Ben Gibbard, who was living in Seattle, wanted to record an album with the LA-based Jimmy Tamborello. So they mailed each other tracks, voice parts, or musical fragments and made what might be the first ever virtual album.

117. Mordicai Jones - Mordicai Jones (1972)

Mordicai Jones isn't a real person, but he is the mysterious alter-ego of Link Wray's and Steve Verocca's piano player, Bobby Howard. Together, they the are the unsung heroes of the Americana roots movement.

116. Stereolab - Dots and Loops (1997)

Produced by John McEntire, this landmark electronic work feature's Stereolab's most influential works like "Miss Modular" and Brakhage."

115. Yeah Yeah Yeahs - Fever to Tell (2003)

Karen O, Nick Zinner, and drummer Brian Chase were living in a tiny NYC apartment, funding their debut record out of their own pocket...just a year later their debut album was released on a major label and became a one-million seller.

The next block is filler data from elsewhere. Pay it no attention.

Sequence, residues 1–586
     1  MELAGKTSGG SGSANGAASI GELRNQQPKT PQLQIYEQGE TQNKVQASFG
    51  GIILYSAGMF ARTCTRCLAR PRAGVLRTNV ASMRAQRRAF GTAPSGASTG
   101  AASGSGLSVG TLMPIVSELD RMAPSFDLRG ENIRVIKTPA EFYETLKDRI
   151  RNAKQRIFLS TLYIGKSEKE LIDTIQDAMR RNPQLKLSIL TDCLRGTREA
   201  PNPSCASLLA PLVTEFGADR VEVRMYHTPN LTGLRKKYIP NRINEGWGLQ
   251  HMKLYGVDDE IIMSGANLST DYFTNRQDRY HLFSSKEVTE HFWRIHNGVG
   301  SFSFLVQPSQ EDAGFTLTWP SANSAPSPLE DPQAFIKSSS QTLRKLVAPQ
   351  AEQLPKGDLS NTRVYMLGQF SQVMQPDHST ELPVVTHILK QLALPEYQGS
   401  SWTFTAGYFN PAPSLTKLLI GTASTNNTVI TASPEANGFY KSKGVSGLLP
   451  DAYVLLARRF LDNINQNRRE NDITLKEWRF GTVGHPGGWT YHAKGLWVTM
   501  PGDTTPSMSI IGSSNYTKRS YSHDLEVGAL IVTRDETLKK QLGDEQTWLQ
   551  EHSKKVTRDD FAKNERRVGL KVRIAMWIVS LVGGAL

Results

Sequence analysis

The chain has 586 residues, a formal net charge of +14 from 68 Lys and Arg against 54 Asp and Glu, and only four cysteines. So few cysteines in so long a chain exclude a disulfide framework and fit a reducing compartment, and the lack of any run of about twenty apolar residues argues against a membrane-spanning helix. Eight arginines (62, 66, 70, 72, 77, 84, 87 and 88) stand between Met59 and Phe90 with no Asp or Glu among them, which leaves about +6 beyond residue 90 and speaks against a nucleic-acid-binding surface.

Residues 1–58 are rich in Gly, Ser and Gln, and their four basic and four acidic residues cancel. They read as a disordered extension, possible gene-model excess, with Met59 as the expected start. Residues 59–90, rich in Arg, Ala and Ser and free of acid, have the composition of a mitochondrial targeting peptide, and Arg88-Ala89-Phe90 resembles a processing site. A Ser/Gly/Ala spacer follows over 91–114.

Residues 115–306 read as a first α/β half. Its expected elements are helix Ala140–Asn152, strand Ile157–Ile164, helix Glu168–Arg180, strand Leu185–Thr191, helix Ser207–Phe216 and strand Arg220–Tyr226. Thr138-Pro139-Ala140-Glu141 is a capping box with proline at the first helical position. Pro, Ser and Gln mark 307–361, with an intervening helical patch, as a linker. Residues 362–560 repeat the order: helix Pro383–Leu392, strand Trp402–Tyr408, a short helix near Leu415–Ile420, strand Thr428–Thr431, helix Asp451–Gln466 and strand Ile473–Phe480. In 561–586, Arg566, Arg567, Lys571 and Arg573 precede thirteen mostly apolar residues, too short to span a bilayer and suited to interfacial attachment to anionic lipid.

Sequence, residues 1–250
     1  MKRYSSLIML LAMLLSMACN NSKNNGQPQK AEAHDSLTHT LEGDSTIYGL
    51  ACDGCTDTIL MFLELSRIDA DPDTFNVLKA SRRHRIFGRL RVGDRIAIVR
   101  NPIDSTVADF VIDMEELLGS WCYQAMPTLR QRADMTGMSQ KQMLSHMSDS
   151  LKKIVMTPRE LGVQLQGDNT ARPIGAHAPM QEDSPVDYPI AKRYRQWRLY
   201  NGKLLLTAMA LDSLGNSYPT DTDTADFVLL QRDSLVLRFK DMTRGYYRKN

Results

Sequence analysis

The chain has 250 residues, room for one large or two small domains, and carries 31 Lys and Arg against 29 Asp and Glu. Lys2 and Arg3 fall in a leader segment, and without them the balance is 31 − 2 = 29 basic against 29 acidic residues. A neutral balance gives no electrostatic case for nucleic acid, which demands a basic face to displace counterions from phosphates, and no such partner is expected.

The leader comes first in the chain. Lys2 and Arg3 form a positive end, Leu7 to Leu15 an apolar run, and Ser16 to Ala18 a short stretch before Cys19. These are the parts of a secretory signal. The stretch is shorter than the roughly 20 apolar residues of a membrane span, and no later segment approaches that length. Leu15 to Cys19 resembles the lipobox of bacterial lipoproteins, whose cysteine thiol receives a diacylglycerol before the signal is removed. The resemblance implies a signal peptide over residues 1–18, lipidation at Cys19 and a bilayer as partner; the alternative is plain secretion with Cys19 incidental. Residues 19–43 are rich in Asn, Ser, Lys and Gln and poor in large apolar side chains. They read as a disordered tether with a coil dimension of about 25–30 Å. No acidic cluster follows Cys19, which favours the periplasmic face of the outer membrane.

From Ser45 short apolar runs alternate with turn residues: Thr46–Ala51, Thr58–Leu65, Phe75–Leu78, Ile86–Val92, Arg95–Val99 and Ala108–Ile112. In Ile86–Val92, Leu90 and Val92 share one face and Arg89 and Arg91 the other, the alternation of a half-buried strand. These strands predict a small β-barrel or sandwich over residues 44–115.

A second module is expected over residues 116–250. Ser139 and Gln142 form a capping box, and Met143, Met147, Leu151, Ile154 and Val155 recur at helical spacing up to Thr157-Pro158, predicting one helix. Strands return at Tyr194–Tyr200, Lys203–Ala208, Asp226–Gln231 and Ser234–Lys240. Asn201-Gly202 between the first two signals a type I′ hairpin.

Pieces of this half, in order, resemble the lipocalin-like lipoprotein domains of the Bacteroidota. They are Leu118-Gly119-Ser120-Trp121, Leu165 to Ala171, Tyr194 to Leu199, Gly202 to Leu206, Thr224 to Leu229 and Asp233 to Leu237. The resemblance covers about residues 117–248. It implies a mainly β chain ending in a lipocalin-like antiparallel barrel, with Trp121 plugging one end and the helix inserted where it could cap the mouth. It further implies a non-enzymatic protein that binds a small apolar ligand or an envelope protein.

114. New Order - Power Corruption and Lies (1983)

The flowers on the cover of New Order's best album "suggest the means by which power, corruption and lies infiltrate our lives. They're seductive."

113. The Flaming Lips - Yoshimi Battles the Pink Robots (2002)

Despite the legal controversy with Cat Stevens, Wayne Coyne's Yoshimi is a mellow, sincere mixture of neo-psychedelia, space rock, and indie pop.

112. Joe Henderson - Page One (1963)

Trumpeter Kenny Dorham and Henderson got along well enough to record two iconic jazz standards, one composition each, with Dorham's "Blue Bossa" and Henderson's "Recorda Me."

111. Silver Apples - Silver Apples (1968)

This electronic rock album was so far ahead of its time that even Bob Moog was impressed, venturing to Simeon Coxe's studio to study Silver Apples' usage of homemade synthesizers and half-functional amplifiers.

110. The Allman Brothers - At Fillmore East (1971)

By March of 1971, the Brothers had already played whopping 400+ shows in the decade. Two of them, captured immaculately on tape, were apparently just typical of their wicked, expansive Southern rock jamming.

109. Animal Collective - Merriweather Post Pavilion (2009)